While Flossmoor School District 161 officials are hoping to exhaust all options, remote learning may move the board to make a decision on staff reductions.
Superintendent Dana Smith brought the discussion item to the table during the Monday, Sept. 14, board meeting. Smith said he had no formal recommendation for the board, he simply wanted to seek the “board’s appetite” for possible action. The superintendent estimated the district could see a monthly savings that “conservatively” could be $40,000, depending on the positions reduced.
He said the topic is sensitive because it involves jobs, but certain positions only have work to do when students are in session. The decision to revert to all-remote learning this fall has a “domino effect” that goes with it, Smith said. He suggested the board meet on Sept. 29 to consider its options.
The superintendent said he is looking at several positions. These include custodian positions, particularly those who work in the evening even though there are no afternoon or evening activities in the buildings; positions that have paraprofessional advisory duties; two in-house bus drivers; media paraprofessionals; and student support aides when “there aren’t the kids to support,” according to Smith.
The proposed changes could impact roughly 20 employees, he said.
Some employees simply do not or will not have daily responsibilities going forward, Smith indicated. And while administrators have tried to get creative to find other projects for those employees, that approach has its limits.
“At the end of the day, you run out of projects,” Smith said. “We have a mismatch between our needs on the staffing side and the amount of resources we have.”
While district officials discussed a budget shortfall of roughly $5 million for fiscal year 2021 in the budget, Smith insisted the cuts are not necessitated by that situation.
“It’s saving money for saving money’s sake, not because we’re about to go off a cliff,” he said.
A vote Sept. 29 would give staff the required 30 days’ notice before any imminent changes could be implemented in November.
“If we are going to go down this path, we’re essentially deciding we’re not going to come back to school until January,” Smith added.
He noted there is a complicated timeline on the back end of a possible reduction, too. It requires at least three weeks notice on the return to school. People involved in the reduction would have the option to return to their positions, but if some find other jobs or choose not to return, the district would have to consider timing for the hiring process, he explained.
Board member David Linnear said he appreciated the efforts of administrators to bring this to the attention of the board.
“When the board made the (remote learning) decisions, we knew there were going to be ripples, that there were going to be dominoes that would fall,” Linnear said.
But board member Christina Vlietstra said she was uncomfortable having the conversation when parents are already struggling and the district has no idea what will happen next in the midst of a pandemic.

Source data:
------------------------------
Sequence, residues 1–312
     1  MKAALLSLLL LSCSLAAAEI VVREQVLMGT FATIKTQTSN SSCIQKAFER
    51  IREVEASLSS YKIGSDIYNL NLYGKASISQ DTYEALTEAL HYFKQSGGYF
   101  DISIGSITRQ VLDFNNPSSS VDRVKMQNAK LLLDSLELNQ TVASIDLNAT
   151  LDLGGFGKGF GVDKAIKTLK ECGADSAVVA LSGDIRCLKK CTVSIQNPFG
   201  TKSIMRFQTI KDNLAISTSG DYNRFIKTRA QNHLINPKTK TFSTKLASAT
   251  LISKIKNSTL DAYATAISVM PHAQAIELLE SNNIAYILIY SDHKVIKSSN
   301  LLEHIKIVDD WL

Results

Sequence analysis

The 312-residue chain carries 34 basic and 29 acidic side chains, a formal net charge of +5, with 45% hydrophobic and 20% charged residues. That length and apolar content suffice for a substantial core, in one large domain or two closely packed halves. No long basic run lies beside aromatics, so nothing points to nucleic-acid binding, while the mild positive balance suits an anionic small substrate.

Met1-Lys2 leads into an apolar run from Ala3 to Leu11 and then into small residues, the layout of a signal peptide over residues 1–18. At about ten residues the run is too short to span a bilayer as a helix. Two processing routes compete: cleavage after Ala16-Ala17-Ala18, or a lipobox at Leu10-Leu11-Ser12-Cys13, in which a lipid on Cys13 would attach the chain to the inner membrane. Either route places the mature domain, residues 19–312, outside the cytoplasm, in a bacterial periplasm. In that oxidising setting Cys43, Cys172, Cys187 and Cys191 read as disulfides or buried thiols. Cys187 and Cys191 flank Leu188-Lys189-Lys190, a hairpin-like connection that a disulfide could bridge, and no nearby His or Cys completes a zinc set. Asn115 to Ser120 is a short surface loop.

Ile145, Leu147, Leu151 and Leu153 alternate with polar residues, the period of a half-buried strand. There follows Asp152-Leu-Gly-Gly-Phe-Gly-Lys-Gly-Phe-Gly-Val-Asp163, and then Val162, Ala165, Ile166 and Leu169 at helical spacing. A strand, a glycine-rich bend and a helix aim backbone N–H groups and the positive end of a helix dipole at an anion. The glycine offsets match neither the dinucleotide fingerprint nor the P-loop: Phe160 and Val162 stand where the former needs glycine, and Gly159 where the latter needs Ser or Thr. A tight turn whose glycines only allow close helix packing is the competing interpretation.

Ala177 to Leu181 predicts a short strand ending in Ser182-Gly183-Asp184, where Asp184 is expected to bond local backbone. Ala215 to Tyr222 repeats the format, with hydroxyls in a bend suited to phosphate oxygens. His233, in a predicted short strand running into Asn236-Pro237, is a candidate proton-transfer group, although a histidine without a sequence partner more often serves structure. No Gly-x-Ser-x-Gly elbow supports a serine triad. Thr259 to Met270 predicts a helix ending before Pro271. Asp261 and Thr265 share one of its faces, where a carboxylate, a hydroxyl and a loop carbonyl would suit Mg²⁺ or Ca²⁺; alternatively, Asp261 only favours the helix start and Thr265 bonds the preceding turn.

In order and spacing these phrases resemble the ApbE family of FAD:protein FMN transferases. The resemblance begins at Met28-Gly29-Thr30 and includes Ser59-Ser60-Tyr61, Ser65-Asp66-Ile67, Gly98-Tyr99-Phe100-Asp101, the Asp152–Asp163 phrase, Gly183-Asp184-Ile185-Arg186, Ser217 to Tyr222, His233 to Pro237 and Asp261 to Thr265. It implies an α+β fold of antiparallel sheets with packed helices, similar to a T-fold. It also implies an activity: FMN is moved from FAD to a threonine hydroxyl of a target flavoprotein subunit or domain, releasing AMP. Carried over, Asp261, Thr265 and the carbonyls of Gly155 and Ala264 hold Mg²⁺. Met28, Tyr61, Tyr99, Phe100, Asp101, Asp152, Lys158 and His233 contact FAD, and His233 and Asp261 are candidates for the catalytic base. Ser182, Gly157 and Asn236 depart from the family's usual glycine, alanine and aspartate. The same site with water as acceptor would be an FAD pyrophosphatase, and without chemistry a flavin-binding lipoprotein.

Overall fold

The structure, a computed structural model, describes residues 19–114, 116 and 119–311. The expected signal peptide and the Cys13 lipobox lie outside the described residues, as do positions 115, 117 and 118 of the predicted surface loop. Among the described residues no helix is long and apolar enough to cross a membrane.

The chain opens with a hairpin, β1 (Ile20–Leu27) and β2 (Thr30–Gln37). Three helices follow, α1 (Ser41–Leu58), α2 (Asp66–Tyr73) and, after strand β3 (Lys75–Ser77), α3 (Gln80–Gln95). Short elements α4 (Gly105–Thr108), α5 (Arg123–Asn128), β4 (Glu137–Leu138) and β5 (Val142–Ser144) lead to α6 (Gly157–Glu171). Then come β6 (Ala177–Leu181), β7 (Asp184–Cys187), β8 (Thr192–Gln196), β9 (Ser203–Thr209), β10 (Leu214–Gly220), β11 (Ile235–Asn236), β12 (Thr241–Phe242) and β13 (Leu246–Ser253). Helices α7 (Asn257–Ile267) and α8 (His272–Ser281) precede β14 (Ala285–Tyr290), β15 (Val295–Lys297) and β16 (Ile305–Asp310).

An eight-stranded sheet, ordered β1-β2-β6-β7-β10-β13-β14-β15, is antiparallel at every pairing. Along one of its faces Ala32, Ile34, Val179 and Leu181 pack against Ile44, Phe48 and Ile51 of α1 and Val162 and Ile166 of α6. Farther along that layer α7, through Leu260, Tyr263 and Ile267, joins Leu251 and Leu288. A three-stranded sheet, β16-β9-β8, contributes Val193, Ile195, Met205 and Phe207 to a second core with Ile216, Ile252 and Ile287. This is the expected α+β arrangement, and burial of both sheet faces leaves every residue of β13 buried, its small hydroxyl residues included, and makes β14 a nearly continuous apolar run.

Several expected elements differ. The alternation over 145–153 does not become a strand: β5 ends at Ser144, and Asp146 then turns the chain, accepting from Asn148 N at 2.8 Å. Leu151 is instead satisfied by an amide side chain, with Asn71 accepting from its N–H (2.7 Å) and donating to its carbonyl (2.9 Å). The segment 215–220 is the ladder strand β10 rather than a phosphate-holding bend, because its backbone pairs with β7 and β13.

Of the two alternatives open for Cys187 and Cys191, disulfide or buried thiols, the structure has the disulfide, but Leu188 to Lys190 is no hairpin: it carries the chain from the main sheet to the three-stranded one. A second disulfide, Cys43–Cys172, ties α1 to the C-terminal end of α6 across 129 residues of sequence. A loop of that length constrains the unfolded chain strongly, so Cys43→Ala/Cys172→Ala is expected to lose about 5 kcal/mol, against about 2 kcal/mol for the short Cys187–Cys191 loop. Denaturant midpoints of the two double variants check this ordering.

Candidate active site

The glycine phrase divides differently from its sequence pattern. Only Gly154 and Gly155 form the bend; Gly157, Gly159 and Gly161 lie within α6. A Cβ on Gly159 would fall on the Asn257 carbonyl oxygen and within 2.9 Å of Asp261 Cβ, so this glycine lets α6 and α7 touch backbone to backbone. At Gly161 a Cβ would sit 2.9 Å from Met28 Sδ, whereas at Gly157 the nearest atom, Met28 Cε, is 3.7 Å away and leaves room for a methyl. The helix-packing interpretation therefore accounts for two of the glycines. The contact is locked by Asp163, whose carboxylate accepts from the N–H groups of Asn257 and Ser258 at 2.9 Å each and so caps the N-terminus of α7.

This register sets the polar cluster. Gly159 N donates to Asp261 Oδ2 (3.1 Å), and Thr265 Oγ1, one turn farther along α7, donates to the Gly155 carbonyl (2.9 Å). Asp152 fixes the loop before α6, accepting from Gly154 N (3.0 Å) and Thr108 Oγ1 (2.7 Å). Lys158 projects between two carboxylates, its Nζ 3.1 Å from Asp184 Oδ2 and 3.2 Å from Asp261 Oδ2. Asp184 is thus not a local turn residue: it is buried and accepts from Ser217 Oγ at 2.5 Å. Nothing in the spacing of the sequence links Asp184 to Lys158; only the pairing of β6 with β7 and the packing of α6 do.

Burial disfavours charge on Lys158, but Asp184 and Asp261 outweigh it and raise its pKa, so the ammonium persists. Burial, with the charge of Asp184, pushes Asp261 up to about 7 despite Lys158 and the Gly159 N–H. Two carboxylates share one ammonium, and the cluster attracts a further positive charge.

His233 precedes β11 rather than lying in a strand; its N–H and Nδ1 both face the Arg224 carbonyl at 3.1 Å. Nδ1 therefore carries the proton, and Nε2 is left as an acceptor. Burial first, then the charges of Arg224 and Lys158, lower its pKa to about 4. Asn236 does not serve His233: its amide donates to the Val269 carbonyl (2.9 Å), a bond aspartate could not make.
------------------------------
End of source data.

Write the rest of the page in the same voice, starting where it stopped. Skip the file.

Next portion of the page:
“I think for us to even broach this topic of doing this right now, when we really have no idea what the next 60 days or less could hold, I would not be in favor of doing anything of this sort,” she said. “We just don’t know.”
Vlietstra said she is holding out hope the district can reopen on at least a hybrid basis by January. She worried that taking action that would go into effect in November would only create more complications.
“Yes, every penny counts … but it’s very, very egregious for us to act in that way when, truthfully, we could have a solid four weeks of school left and then we have to rehire,” she said.
Board member Stephen Paredes said officials cannot simply overlook the possibility of saving where they can, though. He called it a “tough question” but one worth asking.
“It’s a worthy question of fiduciary responsibility,” Paredes said. “It’s not something I think we should ignore. … It’s a question we always have to explore.”
But Paredes said he had concerns about the proposal because there is typically a season for hiring in schools, and administrators and the board generally do not love the spot it puts them in when someone leaves a job outside of that window.
Board member Cameron Nelson said he would like to see the district look into the possibility of extending benefits to those that will be part of a reduction in force. But he argued the board is obligated to at least consider something that could save money — especially when the alternative is paying people who have no immediate job duties.
“We can’t say no to $40,000 a month in savings,” Nelson said. “Unfortunately, we can’t retain people who aren’t working.”
Nelson said there is, however, a question of the worth of the move in relation to the downsides.
“It sounds like we’re only saving a month or two on a handful of personnel,” he said to Smith. “Do you still recommend that we do that?”
Smith said: “I cringe when I think about the families who would be affected,” but, he is not sure what to do with the employees if they stay on staff.
“We’re trying to figure out different ways to add value to the community and the district,” he said. “In some of those cases, we have run out of ideas. … So many of these positions, they are solely dependent upon students being there every day.”
Board President Michelle Hoereth said she wants more information before she would feel comfortable voting on a staff reduction Sept. 29. She said she would like to see survey data from the district included in that. She also wants to examine other options for utilizing district staff, and whether — if cuts are needed — the district could get away with cutting half or fewer of the proposed positions.
“I would like to see all efforts exhausted in terms of all other potential uses for staff before we decide to make cuts,” she said. “I would hate to make that decision too soon.”